Samantha lifted up her impossibly large skirt and tried to sit on the stool, facing the mirror with anger in her emerald eyes. Anger meant for her crew. Ever since Samantha’s father had passed away everything was in chaos. She was the rightful Captain of her ship. And her ship hated her. Vile things constantly spewed from their mouths and disrespect shot their eyes as they looked at her with disdain. So, she was a woman and she had breasts. So, what? Samantha scowled at herself in the mirror.

Samantha looked at her hair in the mirror and picked up the scissors. She grabbed a handful with her small hand and started to cut. Curly, golden locks fell to the ship’s wooden floor. She cut and cut and cut until her golden-brown hair just reached her chin.

Samantha tucked her hair behind her ears, smiled and stood up. She then took her scissors and cut her skirt just above her knees, leaving her legs bare. She loosened her corset and glanced at her father’s sword on the wall. With a smirk on her lips Samantha grabbed the sword.  She made a sash with the remnants of her dress, tied it around her waist and secured the sword in place on her hip.

Samantha looked in the mirror and took a deep breath. Her crew was going to have to get used to Captain Sam Mermisita of the South Seas. This was her ship and they were going to be her crew, whether they liked it or not.

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The Critique

I started out thinking this might be a mermaid/pirate romance. Samantha’s homeland is Mermistia, and that sounds like a mermaid name to me! On this first page there is no indication of Sam being a mermaid, though, so if there aren’t any mermaids, you might consider changing the name of Sam’s homeland to something that sounds less magical.

Speaking of Sam, I like her attitude. She’s not here for any sexist nonsense from her sailors, and while she reads as very young, she assesses the situation, identifies the problem and makes a plan–cut her hair and her gown and put the fear of God into her sexist crew.

I get a strong Peter Pan/Wendy/Lost Boys vibe from this first page. The sailors who think the princess will wash their clothes, feed them and bathe them are very like the Lost Boys, who cheer at the idea of a mother because she’ll make them pockets, tell them stories and tidy the house. Sam is our Wendy, ready to demand respect and find adventure outside of her home. She doesn’t get much space on this page, but she’s the real star here, and Author A might experiment with starting in her POV. Finally, there’s our pirate prince, leader of a misfit crew. He’s ready to find the girl he’s been longing for and spirit her away from home so that he can keep her for himself. Unfortunately, he’s a bit too used to getting his own way.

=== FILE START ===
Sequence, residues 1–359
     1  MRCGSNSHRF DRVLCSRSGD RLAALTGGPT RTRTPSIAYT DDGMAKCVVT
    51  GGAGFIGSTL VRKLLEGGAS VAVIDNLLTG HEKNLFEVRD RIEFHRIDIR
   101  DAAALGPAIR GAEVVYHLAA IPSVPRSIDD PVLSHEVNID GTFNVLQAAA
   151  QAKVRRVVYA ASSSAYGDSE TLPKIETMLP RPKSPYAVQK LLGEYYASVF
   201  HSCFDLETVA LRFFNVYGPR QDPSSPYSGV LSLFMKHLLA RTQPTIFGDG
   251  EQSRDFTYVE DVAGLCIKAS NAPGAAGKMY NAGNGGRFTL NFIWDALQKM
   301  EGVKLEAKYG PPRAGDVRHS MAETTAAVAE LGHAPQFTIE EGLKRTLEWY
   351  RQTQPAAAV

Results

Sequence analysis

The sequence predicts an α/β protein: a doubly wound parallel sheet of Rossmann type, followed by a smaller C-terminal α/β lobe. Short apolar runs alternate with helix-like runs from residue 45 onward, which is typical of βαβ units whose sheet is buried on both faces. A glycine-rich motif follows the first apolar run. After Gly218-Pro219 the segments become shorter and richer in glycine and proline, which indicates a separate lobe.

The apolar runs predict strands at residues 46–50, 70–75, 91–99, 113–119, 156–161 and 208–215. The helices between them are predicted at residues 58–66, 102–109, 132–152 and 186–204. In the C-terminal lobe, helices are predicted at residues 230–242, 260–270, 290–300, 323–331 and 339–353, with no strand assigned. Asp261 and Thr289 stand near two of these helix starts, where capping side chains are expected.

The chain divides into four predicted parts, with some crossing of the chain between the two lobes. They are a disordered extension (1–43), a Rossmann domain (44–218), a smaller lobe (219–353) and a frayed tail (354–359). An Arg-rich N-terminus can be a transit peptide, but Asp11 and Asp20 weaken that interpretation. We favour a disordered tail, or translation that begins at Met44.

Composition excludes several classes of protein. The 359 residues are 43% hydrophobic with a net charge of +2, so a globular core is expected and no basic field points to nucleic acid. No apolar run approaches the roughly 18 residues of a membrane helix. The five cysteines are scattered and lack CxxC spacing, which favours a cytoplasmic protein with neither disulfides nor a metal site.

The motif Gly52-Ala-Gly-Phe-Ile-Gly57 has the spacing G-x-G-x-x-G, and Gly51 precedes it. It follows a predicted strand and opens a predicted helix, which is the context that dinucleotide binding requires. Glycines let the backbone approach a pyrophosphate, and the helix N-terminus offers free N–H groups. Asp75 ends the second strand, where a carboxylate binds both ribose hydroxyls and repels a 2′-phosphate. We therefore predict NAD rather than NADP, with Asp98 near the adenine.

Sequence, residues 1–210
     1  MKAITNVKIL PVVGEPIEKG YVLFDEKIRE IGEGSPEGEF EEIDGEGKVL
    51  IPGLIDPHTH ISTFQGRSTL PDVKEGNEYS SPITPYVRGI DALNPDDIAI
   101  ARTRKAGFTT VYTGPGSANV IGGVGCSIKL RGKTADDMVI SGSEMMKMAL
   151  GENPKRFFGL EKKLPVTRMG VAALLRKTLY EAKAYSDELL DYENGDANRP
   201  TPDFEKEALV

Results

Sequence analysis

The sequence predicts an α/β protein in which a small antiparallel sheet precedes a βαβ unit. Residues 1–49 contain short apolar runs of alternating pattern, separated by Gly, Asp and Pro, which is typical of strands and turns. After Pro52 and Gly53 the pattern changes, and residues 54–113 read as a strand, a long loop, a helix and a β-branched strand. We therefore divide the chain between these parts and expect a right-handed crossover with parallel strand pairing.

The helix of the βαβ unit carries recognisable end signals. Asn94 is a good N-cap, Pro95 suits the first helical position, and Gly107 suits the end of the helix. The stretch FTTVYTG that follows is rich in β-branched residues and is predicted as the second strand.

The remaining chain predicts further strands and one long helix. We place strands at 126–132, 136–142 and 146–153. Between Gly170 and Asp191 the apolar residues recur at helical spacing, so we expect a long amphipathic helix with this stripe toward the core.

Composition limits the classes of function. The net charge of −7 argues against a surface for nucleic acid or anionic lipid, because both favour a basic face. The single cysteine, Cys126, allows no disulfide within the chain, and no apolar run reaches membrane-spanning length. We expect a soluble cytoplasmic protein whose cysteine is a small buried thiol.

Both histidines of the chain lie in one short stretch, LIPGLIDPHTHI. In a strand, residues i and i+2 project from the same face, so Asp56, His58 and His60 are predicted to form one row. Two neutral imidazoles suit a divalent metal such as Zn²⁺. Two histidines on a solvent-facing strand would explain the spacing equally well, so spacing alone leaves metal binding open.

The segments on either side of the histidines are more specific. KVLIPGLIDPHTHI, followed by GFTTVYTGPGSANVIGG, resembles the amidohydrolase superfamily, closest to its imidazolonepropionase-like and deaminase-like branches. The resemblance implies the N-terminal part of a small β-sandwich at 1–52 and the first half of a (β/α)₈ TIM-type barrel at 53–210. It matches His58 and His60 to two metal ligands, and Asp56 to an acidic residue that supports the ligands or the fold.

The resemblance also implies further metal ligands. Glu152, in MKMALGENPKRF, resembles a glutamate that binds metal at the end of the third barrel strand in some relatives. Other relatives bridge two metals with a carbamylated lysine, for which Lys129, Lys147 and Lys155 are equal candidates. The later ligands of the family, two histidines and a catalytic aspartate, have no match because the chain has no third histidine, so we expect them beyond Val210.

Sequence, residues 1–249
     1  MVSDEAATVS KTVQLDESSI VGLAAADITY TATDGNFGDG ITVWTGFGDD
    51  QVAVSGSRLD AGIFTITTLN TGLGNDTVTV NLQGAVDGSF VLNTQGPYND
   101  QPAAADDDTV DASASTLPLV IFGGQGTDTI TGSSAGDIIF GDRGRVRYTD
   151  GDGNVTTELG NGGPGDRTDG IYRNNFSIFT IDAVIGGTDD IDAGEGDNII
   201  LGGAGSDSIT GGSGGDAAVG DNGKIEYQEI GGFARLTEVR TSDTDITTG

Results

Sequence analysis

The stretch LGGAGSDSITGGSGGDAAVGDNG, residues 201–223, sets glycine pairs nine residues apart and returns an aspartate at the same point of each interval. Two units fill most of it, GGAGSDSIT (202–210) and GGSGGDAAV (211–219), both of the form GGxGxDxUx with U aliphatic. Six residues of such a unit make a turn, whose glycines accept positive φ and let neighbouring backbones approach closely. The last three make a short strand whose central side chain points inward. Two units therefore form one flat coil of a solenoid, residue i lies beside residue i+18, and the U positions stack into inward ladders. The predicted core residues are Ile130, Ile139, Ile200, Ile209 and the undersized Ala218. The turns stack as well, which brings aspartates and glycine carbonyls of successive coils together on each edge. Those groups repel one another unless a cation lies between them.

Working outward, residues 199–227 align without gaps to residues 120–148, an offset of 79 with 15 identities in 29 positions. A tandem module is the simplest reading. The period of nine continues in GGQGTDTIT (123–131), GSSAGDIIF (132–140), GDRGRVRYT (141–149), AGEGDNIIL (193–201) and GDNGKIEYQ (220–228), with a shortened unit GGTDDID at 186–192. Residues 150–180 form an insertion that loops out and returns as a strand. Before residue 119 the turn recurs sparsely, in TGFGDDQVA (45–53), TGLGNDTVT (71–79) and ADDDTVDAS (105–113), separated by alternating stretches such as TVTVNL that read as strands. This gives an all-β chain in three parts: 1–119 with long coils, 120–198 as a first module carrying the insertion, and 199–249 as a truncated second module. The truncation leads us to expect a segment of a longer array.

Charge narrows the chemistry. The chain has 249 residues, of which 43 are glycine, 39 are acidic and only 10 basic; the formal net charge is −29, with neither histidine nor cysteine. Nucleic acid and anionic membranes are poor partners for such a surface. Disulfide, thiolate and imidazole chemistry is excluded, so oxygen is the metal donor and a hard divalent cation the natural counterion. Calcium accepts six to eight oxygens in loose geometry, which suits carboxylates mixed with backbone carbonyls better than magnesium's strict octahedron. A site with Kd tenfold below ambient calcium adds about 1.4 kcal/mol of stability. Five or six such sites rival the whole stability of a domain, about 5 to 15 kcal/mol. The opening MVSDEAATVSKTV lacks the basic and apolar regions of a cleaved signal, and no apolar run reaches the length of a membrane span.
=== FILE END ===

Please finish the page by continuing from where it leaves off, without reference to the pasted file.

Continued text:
It may be that Author A didn’t even think about Peter Pan while writing. Sometimes readers see things in a story that the author never intended, and that’s okay. Personally, I love fairytale retellings and wish I saw more of them! However, if Author A doesn’t want that “I Won’t Grow Up” feel, I suggest that they look for spots where the characters might be coming across as too young for a historical romance. (For instance, when Gregory feels the need to reassure us that he’s been with lots of women, which immediately makes me suspect that he has not.)

Author A does a nice job with setting on this first page. I love the descriptions of the clouds, the reactions to the constant heat, the unmistakable feeling of being on a ship. Once we’re in Sam’s POV, Author A could add the same level of setting detail there, inside Samantha’s cabin on her ship. I initially assumed she was at the palace in Mermistia.

I have a couple of questions:

-The princess’s father is dead. She doesn’t mention a mother. Is the queen still living? Is Samantha abandoning a kingdom she’s meant to rule?

-If there was some sort of betrothal agreement between their fathers, why does Gregory imply he’ll be kidnapping Samantha? If the agreement isn’t being honored now that her father is dead, it might help to provide that info.

Author A has a wonderful imagination and I encourage them to keep honing their craft and fleshing out this story.

Would I keep reading? 

I’d pass on this one.

Do you have questions about my feedback or the First-Page Critique program? Your turn to add constructive feedback for the author in the comments section! Or email generalinquiries@carinapress.com.